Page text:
The ties that connect. Have you noticed that Russia's President Vladimir Putin and America's reality candidate, Donald Trump both very wear long that dangle well below their belts, ties that point to their, uh, manliness. Is this a fashion statement or are they pointing to make a point?
You know you're a geezer when you do not know most of the people in People magazine.
What does the 18th century poet Lord Byron have to do with your personal computer? The answer is: that's when the idea of computers was born. Walter Isaacson's fascinating, collaborative history of computers and the Internet,The Innovators, How a Group of Hackers, Geniuses and Geeks Created the Digital Revolution is required listening/reading for all digital immigrants and natives. (audio: 17 hrs. and 28 min. Print: Simon & Shuster)
Lady Ada Lovelace was Lord Byron's daughter. A math genius in 1843, she envisioned the modern computer along with math-man, philosopher and mechanical engineer Charles Babbage. He called it 'the analytical engine.' She saw a machine that could "...store, manipulate, process and act upon anything that could be expressed in symbols, words, logic, music and anything else we might use symbols to convey."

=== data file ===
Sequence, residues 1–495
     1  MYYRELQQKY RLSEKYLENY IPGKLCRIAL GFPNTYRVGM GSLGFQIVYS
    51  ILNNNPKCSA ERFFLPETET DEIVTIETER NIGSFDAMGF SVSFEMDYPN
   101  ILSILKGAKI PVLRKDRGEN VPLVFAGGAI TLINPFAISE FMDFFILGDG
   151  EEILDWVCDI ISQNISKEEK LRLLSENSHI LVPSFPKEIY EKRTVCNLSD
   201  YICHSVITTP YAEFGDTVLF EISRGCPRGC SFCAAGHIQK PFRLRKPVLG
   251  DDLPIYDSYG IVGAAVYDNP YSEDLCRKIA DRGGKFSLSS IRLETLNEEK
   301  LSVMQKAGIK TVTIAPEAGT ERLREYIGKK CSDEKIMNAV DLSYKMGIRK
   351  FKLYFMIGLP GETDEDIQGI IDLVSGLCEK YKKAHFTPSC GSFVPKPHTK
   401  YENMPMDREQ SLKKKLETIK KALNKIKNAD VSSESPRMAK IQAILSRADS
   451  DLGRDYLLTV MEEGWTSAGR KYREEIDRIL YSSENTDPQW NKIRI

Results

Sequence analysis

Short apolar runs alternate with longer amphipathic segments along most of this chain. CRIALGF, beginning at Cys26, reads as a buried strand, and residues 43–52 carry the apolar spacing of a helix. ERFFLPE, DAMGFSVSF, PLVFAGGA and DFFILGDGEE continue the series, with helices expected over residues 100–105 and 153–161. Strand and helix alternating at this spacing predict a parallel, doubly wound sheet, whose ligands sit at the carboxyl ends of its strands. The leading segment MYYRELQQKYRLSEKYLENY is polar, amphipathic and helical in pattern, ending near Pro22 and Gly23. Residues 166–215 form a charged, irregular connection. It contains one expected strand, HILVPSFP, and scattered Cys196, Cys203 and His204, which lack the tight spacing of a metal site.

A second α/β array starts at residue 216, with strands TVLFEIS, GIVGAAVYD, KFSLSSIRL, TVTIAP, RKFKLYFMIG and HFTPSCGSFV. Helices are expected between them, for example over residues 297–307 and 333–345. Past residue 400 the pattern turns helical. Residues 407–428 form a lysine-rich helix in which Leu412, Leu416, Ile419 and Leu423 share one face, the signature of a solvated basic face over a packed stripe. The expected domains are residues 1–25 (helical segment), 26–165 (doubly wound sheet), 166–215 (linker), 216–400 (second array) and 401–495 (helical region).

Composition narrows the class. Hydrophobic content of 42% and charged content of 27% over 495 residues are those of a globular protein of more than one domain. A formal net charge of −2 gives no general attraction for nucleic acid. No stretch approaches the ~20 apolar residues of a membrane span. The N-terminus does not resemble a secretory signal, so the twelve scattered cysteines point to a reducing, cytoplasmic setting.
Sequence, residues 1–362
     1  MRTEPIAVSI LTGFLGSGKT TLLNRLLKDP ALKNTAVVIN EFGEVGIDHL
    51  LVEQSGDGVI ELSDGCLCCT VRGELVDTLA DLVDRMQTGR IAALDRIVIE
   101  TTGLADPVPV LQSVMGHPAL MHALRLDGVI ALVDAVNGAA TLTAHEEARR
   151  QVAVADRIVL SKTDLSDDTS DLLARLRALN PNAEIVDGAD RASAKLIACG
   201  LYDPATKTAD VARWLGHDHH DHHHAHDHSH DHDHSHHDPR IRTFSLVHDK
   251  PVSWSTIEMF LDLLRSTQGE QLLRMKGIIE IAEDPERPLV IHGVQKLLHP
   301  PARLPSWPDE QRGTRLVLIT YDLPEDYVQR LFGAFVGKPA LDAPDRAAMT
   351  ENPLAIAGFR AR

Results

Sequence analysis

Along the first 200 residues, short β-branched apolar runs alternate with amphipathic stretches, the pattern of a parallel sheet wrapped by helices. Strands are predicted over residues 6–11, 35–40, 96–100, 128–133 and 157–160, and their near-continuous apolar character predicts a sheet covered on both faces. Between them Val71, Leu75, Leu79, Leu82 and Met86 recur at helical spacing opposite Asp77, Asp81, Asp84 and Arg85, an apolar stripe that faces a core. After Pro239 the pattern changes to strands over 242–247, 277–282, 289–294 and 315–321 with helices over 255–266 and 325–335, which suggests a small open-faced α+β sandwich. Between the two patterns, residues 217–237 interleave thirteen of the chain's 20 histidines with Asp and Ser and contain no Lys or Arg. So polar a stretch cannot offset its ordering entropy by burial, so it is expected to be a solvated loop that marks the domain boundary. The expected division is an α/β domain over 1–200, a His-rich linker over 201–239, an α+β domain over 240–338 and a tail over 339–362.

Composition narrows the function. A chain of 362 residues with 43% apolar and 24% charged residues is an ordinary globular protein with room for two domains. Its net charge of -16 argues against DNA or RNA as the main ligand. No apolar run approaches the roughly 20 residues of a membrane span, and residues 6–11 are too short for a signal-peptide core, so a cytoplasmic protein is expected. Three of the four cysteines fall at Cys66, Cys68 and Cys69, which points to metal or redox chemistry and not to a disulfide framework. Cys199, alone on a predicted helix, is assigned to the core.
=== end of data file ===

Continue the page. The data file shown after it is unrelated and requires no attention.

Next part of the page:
Early on in its 20th century development, a computer was in a building without window screens.
One day, the machine blitzed out and the crew began searching for the problem. They found a moth with a four inch wingspan had smashed into one of the electro-mechanical relays. They pulled the bug out, pasted into the log book with scotch tape, labeled it, Moth in Relay and from that day on, ferreting out computer glitches is known as debugging.
One caveat: There's abundant techno-speak in the book that digital immigrants may find hard to access. Fortunately, the resonant, accessible narrator, Dennis Boutsikaris, makes the audio edition of this book so much easier to ingest.
"Clarence Thomas speaks!" shouts recent front pages across the land. If you don't know any better, you might think some sort of medical miracle or a venerable oracle named Thomas comes forth and delivers unto us the word. Naw. This is Supreme Court Justice Clarence Thomas, the George H. W. Bush appointee who hasn't asked one single question in court since 2006. That's TEN years the man has just sat there -- mute, mum, silencio, clammed up, hushed, voiceless, unheard and zipped up. Then, as if a great burden had lifted, the silent one asks several questions around 2nd amendment issues. Really? Why now? What verbal laxative did this man ingest to activate him? One possibility: he's picking up the slack left by the death of Justice Scalia. Or, he simply was intimidated by the late judge's intelligence, verbal acuity and withering put-downs. If he keeps this up, it's only a matter of time before Justice Thomas is able to prove his value -- or lack of it.
Content delivered without the right affect is like a hook without the bait.